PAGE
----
Optimal Energy is a South African firm with a goal that is widely adopted by new-coming EV manufacturers: reduce our carbon footprint with 0 emission vehicles while creating thousands of new jobs. This pretty much sums up their message in the “Don’t Be a Passenger” campaign. Here is a nifty, albeit, drawn out 4 minute video on their humanitarian mission:
Kind of reminds me of that Crystal Pepsi commercial from the early 90′s.
Anyways, as much as I love saving polar bears and hugging trees, I’m more concerned about when the rubber meets the pavement. South Africa’s Joule was first revealed at the Paris Auto Show of 2008 and scheduled to launch in 2010 (aka, now). Instead, we have slightly redesigned model, a spiffy youtube video, and a new release date in mid 2013. Will the Joule still harbor the same novelty as it did five years before? Hopefully, if all goes well for Nissan (Nissan Leaf), Mitsubishi (iMiev), GM (Volt), and a slew of other potential EV manufacturers, Optimal Energy’s market share will be overcrowded with more established companies by that point.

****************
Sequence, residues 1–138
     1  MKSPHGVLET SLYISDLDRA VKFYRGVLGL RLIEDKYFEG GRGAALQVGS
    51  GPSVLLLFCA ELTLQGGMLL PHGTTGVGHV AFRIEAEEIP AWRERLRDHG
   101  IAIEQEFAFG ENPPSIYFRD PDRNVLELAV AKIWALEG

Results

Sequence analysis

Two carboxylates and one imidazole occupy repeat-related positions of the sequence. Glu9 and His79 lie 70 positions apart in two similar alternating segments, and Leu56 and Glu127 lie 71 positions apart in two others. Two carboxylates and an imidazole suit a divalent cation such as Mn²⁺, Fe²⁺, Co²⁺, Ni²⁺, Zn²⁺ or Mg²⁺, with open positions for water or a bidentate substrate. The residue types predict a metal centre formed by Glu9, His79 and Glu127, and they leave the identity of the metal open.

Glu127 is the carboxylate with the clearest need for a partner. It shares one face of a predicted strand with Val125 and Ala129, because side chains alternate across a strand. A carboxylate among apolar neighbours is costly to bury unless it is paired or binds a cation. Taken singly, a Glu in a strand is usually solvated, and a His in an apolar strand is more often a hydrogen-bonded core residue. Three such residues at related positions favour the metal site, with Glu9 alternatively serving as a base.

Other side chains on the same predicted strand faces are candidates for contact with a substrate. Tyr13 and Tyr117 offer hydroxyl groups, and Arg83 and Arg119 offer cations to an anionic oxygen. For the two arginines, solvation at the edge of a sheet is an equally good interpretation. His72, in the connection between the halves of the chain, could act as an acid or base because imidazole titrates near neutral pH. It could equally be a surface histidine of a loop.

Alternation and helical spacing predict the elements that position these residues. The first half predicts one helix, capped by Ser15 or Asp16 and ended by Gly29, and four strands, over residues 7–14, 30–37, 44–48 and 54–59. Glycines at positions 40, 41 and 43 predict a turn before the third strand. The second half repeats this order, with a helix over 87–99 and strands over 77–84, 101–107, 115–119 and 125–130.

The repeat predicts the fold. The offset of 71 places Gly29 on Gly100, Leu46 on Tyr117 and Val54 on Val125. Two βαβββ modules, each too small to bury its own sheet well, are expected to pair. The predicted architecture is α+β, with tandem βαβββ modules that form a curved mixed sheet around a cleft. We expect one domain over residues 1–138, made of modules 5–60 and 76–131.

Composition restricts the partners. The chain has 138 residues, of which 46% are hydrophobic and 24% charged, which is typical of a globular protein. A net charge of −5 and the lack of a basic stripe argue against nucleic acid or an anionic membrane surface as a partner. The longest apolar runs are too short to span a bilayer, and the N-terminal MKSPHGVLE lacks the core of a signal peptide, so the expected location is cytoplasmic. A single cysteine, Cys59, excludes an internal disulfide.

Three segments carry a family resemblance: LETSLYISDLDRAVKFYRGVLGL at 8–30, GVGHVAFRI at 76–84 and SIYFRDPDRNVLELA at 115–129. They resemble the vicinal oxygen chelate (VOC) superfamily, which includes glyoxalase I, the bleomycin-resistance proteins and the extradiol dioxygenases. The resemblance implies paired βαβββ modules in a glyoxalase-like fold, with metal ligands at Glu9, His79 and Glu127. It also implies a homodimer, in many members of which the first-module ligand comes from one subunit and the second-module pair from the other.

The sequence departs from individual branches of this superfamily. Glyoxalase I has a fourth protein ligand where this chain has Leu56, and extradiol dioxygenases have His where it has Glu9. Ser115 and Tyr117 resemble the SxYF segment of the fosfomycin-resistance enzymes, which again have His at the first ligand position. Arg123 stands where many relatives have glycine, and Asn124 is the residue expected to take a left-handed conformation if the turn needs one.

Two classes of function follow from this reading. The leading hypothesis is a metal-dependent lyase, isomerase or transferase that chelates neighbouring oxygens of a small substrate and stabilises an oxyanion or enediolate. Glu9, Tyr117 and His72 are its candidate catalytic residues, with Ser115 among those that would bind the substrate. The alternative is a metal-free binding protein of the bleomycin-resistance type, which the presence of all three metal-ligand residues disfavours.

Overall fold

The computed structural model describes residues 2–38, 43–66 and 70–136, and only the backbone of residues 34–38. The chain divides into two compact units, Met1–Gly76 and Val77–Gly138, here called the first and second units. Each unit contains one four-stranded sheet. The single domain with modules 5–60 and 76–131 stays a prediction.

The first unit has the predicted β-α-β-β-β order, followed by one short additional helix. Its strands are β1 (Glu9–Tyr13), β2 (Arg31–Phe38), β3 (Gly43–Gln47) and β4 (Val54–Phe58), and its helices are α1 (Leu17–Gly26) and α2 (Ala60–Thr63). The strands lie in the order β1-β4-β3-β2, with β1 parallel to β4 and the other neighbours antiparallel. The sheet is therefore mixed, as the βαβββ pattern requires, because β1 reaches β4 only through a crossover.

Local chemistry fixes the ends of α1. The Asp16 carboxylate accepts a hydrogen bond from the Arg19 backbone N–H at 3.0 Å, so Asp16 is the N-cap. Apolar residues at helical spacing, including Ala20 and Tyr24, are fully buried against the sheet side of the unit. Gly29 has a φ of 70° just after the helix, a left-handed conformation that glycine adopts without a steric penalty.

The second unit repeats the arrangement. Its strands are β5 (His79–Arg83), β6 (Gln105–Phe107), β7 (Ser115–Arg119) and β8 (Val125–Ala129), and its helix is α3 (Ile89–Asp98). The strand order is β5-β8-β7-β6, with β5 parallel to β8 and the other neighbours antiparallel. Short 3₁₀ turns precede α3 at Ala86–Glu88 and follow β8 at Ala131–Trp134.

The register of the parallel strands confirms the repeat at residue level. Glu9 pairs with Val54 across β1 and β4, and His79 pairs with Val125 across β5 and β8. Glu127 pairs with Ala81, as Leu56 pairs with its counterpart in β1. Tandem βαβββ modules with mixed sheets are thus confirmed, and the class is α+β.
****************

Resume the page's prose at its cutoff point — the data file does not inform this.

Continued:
This is not to say the Joule is not a capable machine. The Joule is a highway speed electric vehicle, with a top speed of 84 mph, and a very solid 185 mile EV range. The Joule receives its power from a 36-kilowatt lithium-ion battery and the ABS-assisted all-disc braking system will be equipped with regenerative braking to help recharge the battery. However, the car’s acceleration leaves much to be desired at 0-60 mph in 15 seconds. In 2013, will these specs keep up with well know car companies vying for a piece of the EV market pie? The price tag is set at a tentative $33,000 before tax incentives. The Joule will have to rely on its Jaguar inspired looks and hefty electric range to compete at that level in 2013.
The Joule is a 6-seater hatchback, designed by Optimal Energy, a privately-owned South African company based in Cape Town that specializes in urban transportation. The exterior and interior design is the work of Jaguar XJ220 designer, Keith Helfet. The Joule is expected to have a 120 mile range with the option of expanding that to 240 miles.
Joule’s first assembly plant is expected to be in Gauteng, South Africa. Joule will be sold in all major South African centers; Gauteng, Cape Town and Durban and will be available towards the end of 2010. The company intends to distribute on a global scale shortly afterward. You can see a neat video on the Joule here.